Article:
Topics in Programming Languages: A Philosophical Analysis

Through the Case of PrologTOPICS IN PROGRAMMING LANGUAGES A PHILOSOPHICAL ANALYSIS THROUGH THE CASE OF PROLOG cover 350

Author: Luís Homem

 

Print (paperback):         ISBN: 978-1-909287-72-3

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Ebook

ISBN (digital PDF):         978-1-909287-73-0

ISBN (epub):                  978-1-909287-74-7

ISBN (mobi):                  978-1-909287-75-4

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 TOPICS IN PROGRAMMING LANGUAGES A PHILOSOPHICAL ANALYSIS THROUGH THE CASE OF PROLOG cover 660

Description

Summary

Topics in Programming Languages explores the arch from the formation of alphabet and classical philosophy to artificial programming languages in the structure of one argumentative topics list: as if it were philosophy interpreted and programmed. One such endeavour is taken to tend toward phonetics and sounds of speech analysis with λ-calculus, and, ultimately, Prolog - the programming language of choice in artificial intelligence - born of the natural language processing reverie and delusion. The well-ordered list of arguments targets the conceptual tree behind both the functional and the logical, the procedural and the declarative paradigms in programming languages by studying close the ascendum (convolution) of the Aristotelian efficient cause into the notions of function (Leibniz), rule (Kant) and algorithm as effective procedures in computation (Church-Turing).


Key Features

  • Advances a synthesis between the rise of the modern alphabet and classical philosophy as a science, and the emergence of programming languages and ‘computationalism’, inviting philosophy of language to take part in artificial programming languages.
  • Explores a route to understand how the innovative analytical cosmogony of the four causes theory put forward by Aristotle shaped satisfactorily and consistently the future frontiers of artificial intelligence.
  • Seeks to take advantage of the classical Greek geometrical analysis, and particularly, anthyphairesis or continuous subtraction as defined by David Fowler (Euclidian algorithm), to assert a continuous interpretation from phonetics and sounds of speech to computation and programming languages.
  • Discerns complementarily two full-size phases that help to extricate more efficiently the historical, social, cultural and scientific causes behind the rise of computation: the Calculus and the Computus moments.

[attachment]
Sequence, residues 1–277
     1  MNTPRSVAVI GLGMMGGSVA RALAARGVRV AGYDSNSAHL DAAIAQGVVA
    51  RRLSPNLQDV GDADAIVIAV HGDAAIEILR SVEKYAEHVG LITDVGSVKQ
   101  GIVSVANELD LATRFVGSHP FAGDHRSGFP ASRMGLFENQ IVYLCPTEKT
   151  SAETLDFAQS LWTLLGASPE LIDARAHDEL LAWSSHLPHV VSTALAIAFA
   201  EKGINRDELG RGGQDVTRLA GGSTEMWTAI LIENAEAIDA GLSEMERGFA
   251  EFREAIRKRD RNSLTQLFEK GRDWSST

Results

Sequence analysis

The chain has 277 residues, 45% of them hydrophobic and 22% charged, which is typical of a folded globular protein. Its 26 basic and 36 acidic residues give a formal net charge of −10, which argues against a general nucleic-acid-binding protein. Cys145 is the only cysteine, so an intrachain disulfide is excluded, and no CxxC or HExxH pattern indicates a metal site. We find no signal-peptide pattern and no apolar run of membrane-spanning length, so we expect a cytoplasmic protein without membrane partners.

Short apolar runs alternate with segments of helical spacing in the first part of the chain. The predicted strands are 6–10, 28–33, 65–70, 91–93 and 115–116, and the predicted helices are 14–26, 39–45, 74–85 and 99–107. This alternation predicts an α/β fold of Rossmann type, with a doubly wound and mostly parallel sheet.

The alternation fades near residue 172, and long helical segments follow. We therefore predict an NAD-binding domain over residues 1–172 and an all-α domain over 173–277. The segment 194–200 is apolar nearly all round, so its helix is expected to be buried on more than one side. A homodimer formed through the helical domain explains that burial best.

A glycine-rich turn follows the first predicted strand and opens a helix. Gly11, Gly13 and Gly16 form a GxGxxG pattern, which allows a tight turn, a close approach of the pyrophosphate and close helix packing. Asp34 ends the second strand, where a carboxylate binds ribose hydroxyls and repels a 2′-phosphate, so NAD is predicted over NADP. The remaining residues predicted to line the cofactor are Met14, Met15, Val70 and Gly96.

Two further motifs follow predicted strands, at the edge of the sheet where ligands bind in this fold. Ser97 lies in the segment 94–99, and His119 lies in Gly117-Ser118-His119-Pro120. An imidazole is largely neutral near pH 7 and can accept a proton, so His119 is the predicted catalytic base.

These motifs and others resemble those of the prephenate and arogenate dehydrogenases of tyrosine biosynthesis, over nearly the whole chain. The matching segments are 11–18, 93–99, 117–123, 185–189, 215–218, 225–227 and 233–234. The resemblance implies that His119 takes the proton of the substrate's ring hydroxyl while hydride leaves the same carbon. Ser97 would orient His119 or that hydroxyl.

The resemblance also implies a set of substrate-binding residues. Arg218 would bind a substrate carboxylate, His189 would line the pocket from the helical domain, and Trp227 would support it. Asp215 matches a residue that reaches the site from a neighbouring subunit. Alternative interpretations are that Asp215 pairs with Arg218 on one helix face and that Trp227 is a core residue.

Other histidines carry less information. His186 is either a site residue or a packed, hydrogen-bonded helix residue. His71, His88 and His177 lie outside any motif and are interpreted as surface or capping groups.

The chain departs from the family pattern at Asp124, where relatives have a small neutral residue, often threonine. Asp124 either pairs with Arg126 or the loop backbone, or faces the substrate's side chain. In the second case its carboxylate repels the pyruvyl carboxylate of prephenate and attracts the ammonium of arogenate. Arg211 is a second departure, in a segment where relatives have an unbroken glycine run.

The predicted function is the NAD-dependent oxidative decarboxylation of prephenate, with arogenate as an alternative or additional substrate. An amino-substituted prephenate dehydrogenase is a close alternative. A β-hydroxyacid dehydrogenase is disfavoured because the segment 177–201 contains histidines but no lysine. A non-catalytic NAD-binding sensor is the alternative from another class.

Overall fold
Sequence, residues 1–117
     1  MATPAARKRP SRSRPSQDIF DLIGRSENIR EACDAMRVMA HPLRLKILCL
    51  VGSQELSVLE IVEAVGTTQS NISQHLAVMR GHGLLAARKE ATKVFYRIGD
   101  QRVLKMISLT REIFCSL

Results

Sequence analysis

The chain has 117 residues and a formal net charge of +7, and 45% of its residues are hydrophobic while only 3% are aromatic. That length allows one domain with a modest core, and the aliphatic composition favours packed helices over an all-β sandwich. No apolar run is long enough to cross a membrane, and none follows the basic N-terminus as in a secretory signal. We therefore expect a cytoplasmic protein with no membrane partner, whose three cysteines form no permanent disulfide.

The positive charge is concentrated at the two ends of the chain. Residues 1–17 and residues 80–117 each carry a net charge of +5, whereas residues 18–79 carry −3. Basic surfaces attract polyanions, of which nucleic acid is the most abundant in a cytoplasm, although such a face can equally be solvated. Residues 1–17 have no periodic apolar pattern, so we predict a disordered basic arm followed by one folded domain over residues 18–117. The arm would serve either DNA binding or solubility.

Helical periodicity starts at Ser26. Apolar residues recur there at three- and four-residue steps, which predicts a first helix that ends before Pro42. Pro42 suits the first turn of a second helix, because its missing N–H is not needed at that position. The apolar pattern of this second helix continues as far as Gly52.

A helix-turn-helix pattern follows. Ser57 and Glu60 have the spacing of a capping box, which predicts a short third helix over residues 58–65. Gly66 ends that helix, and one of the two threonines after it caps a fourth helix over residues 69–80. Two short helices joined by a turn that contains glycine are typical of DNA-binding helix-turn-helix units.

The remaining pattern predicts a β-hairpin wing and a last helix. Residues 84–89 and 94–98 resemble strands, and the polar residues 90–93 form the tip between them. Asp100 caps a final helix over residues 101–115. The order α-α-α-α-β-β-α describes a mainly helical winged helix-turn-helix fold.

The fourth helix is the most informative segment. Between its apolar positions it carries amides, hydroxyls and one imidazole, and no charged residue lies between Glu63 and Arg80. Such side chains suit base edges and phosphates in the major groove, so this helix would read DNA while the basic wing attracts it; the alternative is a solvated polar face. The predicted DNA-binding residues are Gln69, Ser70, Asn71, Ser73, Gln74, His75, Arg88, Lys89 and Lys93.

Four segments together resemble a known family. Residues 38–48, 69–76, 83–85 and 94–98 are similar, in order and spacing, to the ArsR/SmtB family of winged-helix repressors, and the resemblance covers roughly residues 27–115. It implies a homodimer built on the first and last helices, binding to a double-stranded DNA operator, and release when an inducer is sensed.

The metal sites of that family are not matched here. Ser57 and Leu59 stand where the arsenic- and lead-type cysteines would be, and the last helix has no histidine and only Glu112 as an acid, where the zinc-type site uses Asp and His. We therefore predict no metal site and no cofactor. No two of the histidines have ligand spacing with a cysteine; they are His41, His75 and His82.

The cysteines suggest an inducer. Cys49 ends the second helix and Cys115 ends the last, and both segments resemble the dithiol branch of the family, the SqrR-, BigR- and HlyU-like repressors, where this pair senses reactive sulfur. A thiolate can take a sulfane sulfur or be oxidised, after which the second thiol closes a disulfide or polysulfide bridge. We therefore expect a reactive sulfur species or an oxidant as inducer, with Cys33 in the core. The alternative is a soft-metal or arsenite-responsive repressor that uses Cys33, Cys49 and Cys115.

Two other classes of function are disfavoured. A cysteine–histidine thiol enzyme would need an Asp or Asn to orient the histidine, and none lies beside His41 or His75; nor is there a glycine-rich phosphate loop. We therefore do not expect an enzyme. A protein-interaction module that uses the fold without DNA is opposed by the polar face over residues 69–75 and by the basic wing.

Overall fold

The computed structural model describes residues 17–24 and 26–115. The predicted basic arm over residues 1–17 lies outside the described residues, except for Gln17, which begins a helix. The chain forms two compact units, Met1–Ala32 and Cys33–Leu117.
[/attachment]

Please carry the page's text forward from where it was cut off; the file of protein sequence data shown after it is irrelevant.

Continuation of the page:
• Helps to comprehend the origin of Computability Theory by convoking to the debate the seminal insights of authors such as Hilbert, Gödel, Church or Turing and the philosophy of mathematics, different stances or mathematical domains, such as Model Theory.
  • Facilitates the bridge from λ-calculus to Prolog, disentangling predicate calculus from Prolog and unravelling its clausal form.
  • Encompasses the declarative power of Prolog, in the form of arguments, into discussing the prime philosophical foundations of artificial intelligence, congregating the mathematical function, the computational algorithm and the philosophical rule.
  • Approximates philosophy and programming through Prolog, one such programming language that has its place in the frontier between formal semantics and natural language processing, capable of revaluating the duo declarative-procedural views from the absolutist and relativist traditions in philosophy.

 

Readership

Scholars, students, programmers, computer scientists

ISBN (print):                 978-1-909287-72-3

ISBN (digital PDF):       978-1-909287-73-0

ISBN (epub):                978-1-909287-74-7

ISBN (mobi):                978-1-909287-75-4

Publication date:           August 2013      

Territorial rights:           worldwide

Number of pages:         60

Size (print):                  234mm x 156mm

Readership:                 university and professional

BIC2 code(s):              UYQ, PDA  

BISAC code(s):           COM051140, COM051000   


Contents

Section I - Arguments; α) The phonetics and philosophical argument; β) The symbolic or rational argument; γ) The difficulty argument; δ) The content-and-form artificial intelligence argument; ε) The efficient cause argument; ζ) The model theory argument; Notes

Section II – Arguments; The endogenous to exogenous language argument; θ) The efficient cause continuance argument; ι) The reviewing incommensurability argument; κ) The functional and declarative programming languages argument; Notes

Section III – Arguments; λ) The λ-calculus argument; μ) The Prolog argument; Notes

Section IV - Topics in programming languages: a philosophical analysis through the case of prolog; Summary; State of the art; Goal; Detailed description

 

 

 

Author

Luís Manuel Cabrita Pais Homem graduated in philosophy in the Faculty of Letters of the University of Lisbon in 2005. He concluded the Master in the same He is currently completing his doctoral thesis. the Post-Graduate Program holds a Quality Grant, taking in automatic passage to Doctorate, the author is currently preparing the PhD thesis subordinated to the same theme. The author is an integrated member of the Centre for Philosophy of Science of the University of Lisbon since the summer of 2011.

 

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